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Building accessibility considerations go beyond ADA compliance

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Approximately 61 million Americans, 26 percent of the population, have some type of disability.1 With more than one in four people functioning with a physical, mental, hearing or sight impairment, considering accessibility is important for facilities. Good building accessibility means creating spaces that are designed to be user-friendly for everyone, including people who use wheelchairs, canes and mobility scooters, and those with vision and hearing impairments.

Accessibility considerations are often dictated by local building codes and Americans with Disability Act (ADA) standards. The ADA of 1990 is a Federal civil rights law that prohibits discrimination against people with disabilities. However, as Bartlett & West architect Joe Larrivee said, “Accessibility is something we have to consider regardless of ADA or building codes. ADA isn’t set up to be the maximum, but the minimum.”

Considering the whole site and building

It is important to look at needs from the property line inward when considering accessibility within a project site. Plenty of accessibility issues start outside the building or facility. Items like steep slopes, steps and complicated paths can all create accessibility issues. These items need to be addressed and considered to increase access and ease of use.

Once inside, everything from door handle and bathroom fixtures to counter heights and signage can create accessibility challenges. These items can be especially challenging to address in remodel or expansion projects. For example, clients often find it hard accommodate required bathroom plumbing and fixture counts when updating older buildings.

Scoping improvements within facility projects

Another challenge for any facility work is figuring out the scope of accessibility considerations within the project and where to draw the line on potential accommodations. Mitigating risk and meeting requirements are crucial. The facility owner and management team also must think about who their current, potential and future users are and what accommodations they’ll need within the space. A condition assessment report for remodel and expansion projects is a useful tool to help scope and plan for accessibility improvement needs, since those are one of the many factors reviewed in those studies.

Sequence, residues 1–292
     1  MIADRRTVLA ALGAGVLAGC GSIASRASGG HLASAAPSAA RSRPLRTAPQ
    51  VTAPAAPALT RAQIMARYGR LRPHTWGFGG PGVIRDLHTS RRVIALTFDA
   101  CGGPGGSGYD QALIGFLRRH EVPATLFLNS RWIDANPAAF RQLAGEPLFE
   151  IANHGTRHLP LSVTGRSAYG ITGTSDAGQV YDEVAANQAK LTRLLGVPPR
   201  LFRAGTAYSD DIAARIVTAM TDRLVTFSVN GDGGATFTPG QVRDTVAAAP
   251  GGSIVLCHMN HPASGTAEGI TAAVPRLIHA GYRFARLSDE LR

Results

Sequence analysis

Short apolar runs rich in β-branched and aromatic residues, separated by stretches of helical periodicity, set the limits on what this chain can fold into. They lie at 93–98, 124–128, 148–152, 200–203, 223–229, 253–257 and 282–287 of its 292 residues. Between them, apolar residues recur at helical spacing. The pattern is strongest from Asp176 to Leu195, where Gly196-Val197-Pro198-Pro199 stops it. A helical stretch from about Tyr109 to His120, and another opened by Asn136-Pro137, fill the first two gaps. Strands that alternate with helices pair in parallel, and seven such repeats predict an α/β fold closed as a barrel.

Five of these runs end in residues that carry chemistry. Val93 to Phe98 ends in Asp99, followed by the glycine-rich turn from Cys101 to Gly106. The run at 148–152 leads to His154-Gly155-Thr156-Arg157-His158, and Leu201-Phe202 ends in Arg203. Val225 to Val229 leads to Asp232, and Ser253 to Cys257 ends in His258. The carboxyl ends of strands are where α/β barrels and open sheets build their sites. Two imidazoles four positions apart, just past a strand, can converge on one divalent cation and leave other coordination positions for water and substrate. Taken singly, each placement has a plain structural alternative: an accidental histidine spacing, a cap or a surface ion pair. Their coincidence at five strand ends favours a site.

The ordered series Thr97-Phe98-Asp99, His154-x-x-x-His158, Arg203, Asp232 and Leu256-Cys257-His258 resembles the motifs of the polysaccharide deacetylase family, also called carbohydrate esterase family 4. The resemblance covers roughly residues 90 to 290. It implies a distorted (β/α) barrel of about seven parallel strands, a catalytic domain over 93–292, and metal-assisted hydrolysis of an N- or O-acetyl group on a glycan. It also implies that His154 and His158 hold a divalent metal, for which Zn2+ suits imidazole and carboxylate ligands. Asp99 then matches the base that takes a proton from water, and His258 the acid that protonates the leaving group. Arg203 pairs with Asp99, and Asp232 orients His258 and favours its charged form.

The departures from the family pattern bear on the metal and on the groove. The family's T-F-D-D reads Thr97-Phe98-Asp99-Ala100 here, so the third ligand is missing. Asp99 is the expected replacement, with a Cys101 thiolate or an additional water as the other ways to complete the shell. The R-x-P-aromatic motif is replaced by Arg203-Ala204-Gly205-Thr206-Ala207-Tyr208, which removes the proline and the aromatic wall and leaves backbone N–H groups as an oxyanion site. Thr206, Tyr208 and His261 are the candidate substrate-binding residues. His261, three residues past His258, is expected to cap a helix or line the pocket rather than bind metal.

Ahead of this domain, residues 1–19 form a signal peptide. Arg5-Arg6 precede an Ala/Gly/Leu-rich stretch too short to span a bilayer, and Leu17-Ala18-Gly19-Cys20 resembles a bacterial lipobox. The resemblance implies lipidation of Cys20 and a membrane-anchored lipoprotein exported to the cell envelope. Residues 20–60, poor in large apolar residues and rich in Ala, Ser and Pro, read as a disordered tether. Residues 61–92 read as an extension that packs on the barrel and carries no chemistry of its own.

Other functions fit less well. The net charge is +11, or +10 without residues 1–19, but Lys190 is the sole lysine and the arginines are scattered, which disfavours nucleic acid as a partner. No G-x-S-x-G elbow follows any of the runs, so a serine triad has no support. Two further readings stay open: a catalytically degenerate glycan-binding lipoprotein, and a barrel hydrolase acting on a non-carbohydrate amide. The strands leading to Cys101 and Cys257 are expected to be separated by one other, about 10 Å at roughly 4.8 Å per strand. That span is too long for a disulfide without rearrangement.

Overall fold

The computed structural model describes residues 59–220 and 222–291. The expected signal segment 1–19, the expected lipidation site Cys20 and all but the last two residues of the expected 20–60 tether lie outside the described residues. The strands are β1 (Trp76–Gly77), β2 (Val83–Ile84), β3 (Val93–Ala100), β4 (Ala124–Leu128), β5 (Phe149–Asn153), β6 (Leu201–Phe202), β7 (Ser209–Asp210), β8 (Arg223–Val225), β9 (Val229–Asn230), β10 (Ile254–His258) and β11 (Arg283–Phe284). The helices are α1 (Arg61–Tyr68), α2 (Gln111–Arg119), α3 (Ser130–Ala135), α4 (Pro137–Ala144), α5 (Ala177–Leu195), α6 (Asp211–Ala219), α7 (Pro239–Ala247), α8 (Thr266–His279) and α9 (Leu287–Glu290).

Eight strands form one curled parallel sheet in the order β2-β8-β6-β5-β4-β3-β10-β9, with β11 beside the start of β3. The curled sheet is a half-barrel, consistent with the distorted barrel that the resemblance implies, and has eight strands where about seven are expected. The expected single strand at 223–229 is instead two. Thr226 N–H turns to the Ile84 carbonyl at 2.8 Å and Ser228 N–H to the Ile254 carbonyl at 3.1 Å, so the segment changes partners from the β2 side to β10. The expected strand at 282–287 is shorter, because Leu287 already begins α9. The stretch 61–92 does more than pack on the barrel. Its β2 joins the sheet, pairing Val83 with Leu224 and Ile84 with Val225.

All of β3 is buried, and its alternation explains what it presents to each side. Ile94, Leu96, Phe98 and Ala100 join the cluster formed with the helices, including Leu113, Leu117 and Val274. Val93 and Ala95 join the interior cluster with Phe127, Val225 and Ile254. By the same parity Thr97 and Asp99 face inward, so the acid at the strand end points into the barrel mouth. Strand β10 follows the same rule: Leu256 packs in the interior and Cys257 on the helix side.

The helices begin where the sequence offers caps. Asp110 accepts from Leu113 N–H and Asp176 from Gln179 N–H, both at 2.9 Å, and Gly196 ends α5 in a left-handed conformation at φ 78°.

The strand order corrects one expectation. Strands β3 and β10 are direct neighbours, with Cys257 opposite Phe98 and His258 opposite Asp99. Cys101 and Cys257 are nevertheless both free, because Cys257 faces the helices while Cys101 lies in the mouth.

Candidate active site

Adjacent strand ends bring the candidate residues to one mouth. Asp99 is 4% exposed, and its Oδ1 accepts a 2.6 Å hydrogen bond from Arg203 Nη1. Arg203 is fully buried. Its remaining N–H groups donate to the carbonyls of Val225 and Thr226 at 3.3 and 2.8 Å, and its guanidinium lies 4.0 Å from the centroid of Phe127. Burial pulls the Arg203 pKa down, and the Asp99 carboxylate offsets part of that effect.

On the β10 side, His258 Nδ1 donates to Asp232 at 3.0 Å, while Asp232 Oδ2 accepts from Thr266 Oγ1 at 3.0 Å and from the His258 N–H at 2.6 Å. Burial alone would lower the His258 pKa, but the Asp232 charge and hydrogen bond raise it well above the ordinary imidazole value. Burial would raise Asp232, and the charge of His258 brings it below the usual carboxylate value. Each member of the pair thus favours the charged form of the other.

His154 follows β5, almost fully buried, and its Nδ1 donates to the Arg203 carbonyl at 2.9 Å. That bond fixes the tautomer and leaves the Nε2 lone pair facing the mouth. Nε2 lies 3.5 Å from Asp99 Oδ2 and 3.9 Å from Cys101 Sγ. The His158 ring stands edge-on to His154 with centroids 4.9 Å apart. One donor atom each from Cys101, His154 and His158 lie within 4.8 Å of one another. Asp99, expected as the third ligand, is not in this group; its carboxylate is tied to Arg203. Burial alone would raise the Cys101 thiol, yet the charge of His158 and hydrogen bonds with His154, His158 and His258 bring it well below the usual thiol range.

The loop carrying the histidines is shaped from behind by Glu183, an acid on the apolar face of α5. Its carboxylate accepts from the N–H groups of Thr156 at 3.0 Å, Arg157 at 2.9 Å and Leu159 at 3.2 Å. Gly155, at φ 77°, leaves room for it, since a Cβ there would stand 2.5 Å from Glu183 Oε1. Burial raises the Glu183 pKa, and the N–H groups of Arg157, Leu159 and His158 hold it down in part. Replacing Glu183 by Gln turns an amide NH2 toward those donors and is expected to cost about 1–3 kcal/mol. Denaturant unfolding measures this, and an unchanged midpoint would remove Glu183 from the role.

Accessibility considerations will understandably vary by project type – whether it is an industrial, public or private space. For example, pump stations are not occupied buildings, so design guidelines are different for those spaces versus an office or retail space. Yet, the ultimate consideration is current and future users. Potential future uses of the space also are important to think about. There are instances where an industrial facility becomes occupied office space over time, so the accessibility needs change as the use of that same building changes.

Addressing accessibility from code to future use

Ultimately, addressing requirements inside and outside the facility, the needs of current and potential users and flexibility for future uses is a strong path toward success in scoping and addressing needs and costs within any building project. The architect on these projects can help guide clients through the process and set a plan for success.

To learn more about Bartlett & West’s architectural services and projects, visit https://www.bartlettwest.com/services/architecture.

 

Source: 1 - https://www.cdc.gov/ncbddd/disabilityandhealth/infographic-disability-impacts-all.html#:~:text=61%20million%20adults%20in%20the,is%20highest%20in%20the%20South

 

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